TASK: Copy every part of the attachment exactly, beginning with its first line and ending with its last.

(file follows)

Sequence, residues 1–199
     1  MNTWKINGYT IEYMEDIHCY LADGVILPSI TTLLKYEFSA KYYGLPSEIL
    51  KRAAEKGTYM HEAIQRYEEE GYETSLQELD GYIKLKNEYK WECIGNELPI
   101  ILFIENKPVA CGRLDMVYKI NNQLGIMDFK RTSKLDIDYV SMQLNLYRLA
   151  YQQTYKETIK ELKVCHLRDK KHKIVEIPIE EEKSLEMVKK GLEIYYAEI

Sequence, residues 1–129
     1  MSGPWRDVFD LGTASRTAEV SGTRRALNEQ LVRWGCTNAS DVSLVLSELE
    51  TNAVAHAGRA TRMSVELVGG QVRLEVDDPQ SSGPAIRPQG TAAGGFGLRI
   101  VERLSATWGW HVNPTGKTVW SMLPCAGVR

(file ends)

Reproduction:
Sequence, residues 1–199
     1  MNTWKINGYT IEYMEDIHCY LADGVILPSI TTLLKYEFSA KYYGLPSEIL
    51  KRAAEKGTYM HEAIQRYEEE GYETSLQELD GYIKLKNEYK WECIGNELPI
   101  ILFIENKPVA CGRLDMVYKI NNQLGIMDFK RTSKLDIDYV SMQLNLYRLA
   151  YQQTYKETIK ELKVCHLRDK KHKIVEIPIE EEKSLEMVKK GLEIYYAEI

Sequence, residues 1–129
     1  MSGPWRDVFD LGTASRTAEV SGTRRALNEQ LVRWGCTNAS DVSLVLSELE
    51  TNAVAHAGRA TRMSVELVGG QVRLEVDDPQ SSGPAIRPQG TAAGGFGLRI
   101  VERLSATWGW HVNPTGKTVW SMLPCAGVR